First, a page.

NATIONAL BESTSELLER • A “beautiful and eye-opening” (Jacqueline Woodson), “hilarious and heart-rending” (Celeste Ng) graphic memoir about American identity, interracial families, and the realities that divide us, from the acclaimed author of The Sleepwalker’s Guide to Dancing.
ONE OF THE TEN BEST BOOKS OF THE YEAR: Chicago Tribune, The New York Public Library, Publishers Weekly • ONE OF THE BEST BOOKS OF THE YEAR: The New York Times Book Review, Time, BuzzFeed, Esquire, Literary Journal, Kirkus Reviews
“How brown is too brown?”
“Can Indians be racist?”
“What does real love between really different people look like?”
Like many six-year-olds, Mira Jacob’s half-Jewish, half-Indian son, Z, has questions about everything. At first they are innocuous enough, but as tensions from the 2016 election spread from the media into his own family, they become much, much more complicated. Trying to answer him honestly, Mira has to think back to where she’s gotten her own answers: her most formative conversations about race, color, sexuality, and, of course, love.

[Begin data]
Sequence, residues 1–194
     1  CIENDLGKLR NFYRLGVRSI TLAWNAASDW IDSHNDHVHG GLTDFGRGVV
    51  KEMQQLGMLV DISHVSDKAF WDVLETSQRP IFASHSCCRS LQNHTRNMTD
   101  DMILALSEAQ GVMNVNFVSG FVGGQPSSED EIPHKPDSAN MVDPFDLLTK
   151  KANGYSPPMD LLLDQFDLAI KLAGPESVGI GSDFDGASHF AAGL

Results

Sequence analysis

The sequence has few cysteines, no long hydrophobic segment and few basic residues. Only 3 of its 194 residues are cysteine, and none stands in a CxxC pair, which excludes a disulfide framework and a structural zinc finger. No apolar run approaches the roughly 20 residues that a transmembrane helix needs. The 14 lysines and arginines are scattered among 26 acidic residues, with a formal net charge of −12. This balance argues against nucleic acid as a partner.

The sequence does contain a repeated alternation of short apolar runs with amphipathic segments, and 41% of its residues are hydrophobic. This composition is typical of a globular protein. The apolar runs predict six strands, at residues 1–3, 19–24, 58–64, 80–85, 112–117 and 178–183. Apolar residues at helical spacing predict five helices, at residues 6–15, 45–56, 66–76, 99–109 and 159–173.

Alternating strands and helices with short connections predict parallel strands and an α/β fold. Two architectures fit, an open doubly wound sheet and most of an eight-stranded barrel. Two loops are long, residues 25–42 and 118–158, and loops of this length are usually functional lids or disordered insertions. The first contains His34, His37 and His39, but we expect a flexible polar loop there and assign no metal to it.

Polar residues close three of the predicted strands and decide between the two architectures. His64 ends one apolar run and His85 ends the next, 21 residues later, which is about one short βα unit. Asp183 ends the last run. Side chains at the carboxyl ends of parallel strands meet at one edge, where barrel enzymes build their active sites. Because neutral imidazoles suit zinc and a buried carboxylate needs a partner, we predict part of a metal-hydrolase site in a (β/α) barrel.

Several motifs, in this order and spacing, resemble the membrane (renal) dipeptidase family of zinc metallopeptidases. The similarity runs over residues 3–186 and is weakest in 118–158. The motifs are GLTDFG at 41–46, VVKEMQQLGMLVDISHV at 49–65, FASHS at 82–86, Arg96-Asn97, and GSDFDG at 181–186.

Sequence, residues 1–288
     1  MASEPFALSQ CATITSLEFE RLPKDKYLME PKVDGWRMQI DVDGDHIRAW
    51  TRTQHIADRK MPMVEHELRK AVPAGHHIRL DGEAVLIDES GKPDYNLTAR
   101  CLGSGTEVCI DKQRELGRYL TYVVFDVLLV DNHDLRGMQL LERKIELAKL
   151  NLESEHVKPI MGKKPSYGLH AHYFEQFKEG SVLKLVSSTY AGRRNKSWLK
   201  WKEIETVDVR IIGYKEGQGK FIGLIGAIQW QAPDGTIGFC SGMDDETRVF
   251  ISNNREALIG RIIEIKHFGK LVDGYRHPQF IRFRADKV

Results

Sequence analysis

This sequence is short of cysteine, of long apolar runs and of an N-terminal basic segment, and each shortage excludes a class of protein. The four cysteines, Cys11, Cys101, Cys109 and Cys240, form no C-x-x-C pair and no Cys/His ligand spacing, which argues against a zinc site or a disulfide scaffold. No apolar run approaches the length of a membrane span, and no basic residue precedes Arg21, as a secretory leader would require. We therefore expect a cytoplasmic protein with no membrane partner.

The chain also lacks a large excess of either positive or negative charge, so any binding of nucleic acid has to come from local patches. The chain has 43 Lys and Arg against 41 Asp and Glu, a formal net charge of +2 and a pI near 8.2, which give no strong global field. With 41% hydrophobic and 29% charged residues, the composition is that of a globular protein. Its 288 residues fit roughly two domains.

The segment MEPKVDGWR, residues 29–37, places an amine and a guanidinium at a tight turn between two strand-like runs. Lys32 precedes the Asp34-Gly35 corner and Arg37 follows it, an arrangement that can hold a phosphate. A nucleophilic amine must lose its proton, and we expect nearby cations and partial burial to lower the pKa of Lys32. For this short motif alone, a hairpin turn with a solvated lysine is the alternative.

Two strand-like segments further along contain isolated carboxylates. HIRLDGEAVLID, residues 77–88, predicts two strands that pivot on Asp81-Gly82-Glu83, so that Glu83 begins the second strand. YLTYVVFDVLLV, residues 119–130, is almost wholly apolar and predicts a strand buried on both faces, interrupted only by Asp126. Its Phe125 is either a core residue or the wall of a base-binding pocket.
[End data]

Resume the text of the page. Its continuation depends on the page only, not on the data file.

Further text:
Written with humor and vulnerability, this deeply relatable graphic memoir is a love letter to the art of conversation—and to the hope that hovers in our most difficult questions.
LONGLISTED FOR THE PEN/OPEN BOOK AWARD
“Jacob’s earnest recollections are often heartbreaking, but also infused with levity and humor. What stands out most is the fierce compassion with which she parses the complexities of family and love.”—Time
“Good Talk uses a masterful mix of pictures and words to speak on life’s most uncomfortable conversations.”—io9
“Mira Jacob just made me toss everything I thought was possible in a book-as-art-object into the garbage. Her new book changes everything.”—Kiese Laymon, New York Times bestselling author of Heavy
About the Author
Mira Jacob is the author of the critically acclaimed novel The Sleepwalker’s Guide to Dancing. Her recent work has appeared in The New York Times Book Review, Vogue, Glamour, Tin House, Electric Literature and Literary Hub. She lives in Brooklyn.
“[I] loved it so so much. So poignant, honest, funny, powerful, and timely, and its themes build in a way that by the end is truly artistically transcendent.”—Curtis Sittenfeld, New York Times bestselling author of Prep and Eligible